“Arabic continued to spread until presently it had replaced Greek and become the language of educated men throughout the whole Moslem world.”

This also ended their period of aggressive expansion. At this point, at their height of glory, they could only begin to decline, for there was only one direction they could go.

Rev. 9:5 continues,

5 And they were not permitted to kill anyone, but to torment for five months; and their torment was like the torment of a scorpion when it stings a man.

Muslim policy was to conquer and convert people to Islam, and if they did not convert, they had to pay a special tax. They did not give merely two choices to their conquered people—convert or die—but three choices. H. G. Wells says on page 584,

“. . . everywhere they offered a choice of three alternatives; either pay tribute, or confess the true God and join us, or die.”

When Jerusalem surrendered to Omar in 638 (without resistance), H. G. Wells informs us on page 586,

“. . . the Christians were to be tolerated, paying only a poll tax; and all the churches and all the relics were left in their possession.”

Thus Rev. 9:5 was fulfilled, for the new invaders were not allowed to kill Christians and Jews. In this, the Muslims were more merciful than either the Jews (in the early days of Christianity) or the Christians (when they came to power). God was merciful when He limited their divine mandate in Rev. 9:6, 10 (quoted below).

Instead, their “sting” was like that of a scorpion (Rev. 9:6)—it was painful to the Church, but it was not normally fatal. At the same time, because the people themselves believed that martyrdom would bestow sainthood upon them, Christians were afflicted with a strange love-hate relationship with death. They wanted to die as martyrs, but were denied that by the official Islamic policy. Hence, we read in Rev. 9:6,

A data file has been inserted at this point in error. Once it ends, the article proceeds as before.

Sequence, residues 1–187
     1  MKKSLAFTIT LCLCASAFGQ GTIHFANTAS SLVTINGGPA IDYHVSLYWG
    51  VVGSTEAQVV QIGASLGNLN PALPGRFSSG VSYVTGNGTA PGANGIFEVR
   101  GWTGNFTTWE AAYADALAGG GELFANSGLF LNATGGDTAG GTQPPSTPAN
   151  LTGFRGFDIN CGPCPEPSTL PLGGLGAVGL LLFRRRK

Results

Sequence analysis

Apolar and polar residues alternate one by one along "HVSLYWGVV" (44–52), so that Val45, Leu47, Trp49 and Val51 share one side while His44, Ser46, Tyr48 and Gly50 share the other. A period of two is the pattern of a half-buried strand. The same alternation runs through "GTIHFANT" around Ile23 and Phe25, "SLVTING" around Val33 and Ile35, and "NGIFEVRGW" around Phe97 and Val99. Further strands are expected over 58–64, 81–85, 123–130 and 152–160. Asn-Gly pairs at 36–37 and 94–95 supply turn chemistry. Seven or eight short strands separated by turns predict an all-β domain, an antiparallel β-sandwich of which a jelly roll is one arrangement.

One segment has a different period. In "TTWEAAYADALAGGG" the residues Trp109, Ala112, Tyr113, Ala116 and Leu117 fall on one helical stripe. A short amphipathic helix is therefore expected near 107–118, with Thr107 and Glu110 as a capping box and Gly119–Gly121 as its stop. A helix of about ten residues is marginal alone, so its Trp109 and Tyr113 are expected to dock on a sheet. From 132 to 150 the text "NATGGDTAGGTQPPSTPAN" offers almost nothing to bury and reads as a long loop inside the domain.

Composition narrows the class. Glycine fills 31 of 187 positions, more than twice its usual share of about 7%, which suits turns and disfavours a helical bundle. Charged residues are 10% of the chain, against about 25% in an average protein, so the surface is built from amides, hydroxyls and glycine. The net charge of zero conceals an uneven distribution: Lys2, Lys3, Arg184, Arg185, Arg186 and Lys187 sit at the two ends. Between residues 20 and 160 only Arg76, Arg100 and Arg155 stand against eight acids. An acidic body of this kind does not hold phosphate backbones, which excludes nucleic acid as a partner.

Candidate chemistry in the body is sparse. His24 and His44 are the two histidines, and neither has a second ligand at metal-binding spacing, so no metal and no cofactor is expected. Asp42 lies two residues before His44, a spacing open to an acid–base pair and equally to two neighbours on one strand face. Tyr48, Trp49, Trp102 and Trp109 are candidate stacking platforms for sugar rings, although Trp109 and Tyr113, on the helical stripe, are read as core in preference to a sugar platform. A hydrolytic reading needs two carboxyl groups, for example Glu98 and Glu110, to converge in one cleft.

6 And in those days men will seek death and will not find it; and they will long to die, and death flees from them.

Christians were not happy about being ruled by Islamic people. The sting of Islam was quite painful to them. The Muslims called them dogs and infidels and had great contempt for what they saw as idolatrous people who had images everywhere and worshipped three gods in a sort of divine triumvirate, with Mary being a fourth with ever-increasing influence upon the Christian gods.

Rev. 9:7-10 gives us a physical description of the Saracen horsemen as they rode into battle in those days:

7 And the appearance of the locusts was like horses prepared for battle; and on their heads, as it were, crowns [turbans] like gold, and their faces were like the faces of men. 8 And they had hair like the hair of women, and their teeth were like the teeth of lions. 9 And they had breastplates like breastplates of iron; and the sound of their wings was like the sound of chariots, of many horses rushing to battle.

The Saracens were some of the best horsemen in the world. They wore colored turbans. The Greek word is stephanos, the normal word for a laurel wreath that was given to conquerors or to those who won a contest. However, wreaths were always green in Rome or Greece. These are said to be yellow to show that they were not made of leaves, but of cloth. That is, they were turbans.

They had the faces of men, but hair like that of women. In other words, they were men, but the Saracens wore their hair long.

Their teeth were not lions’ fangs but a description of their fierceness and valor in battle. They wore iron armor and had iron breastplates which made quite a clatter as they charged their horses into battle.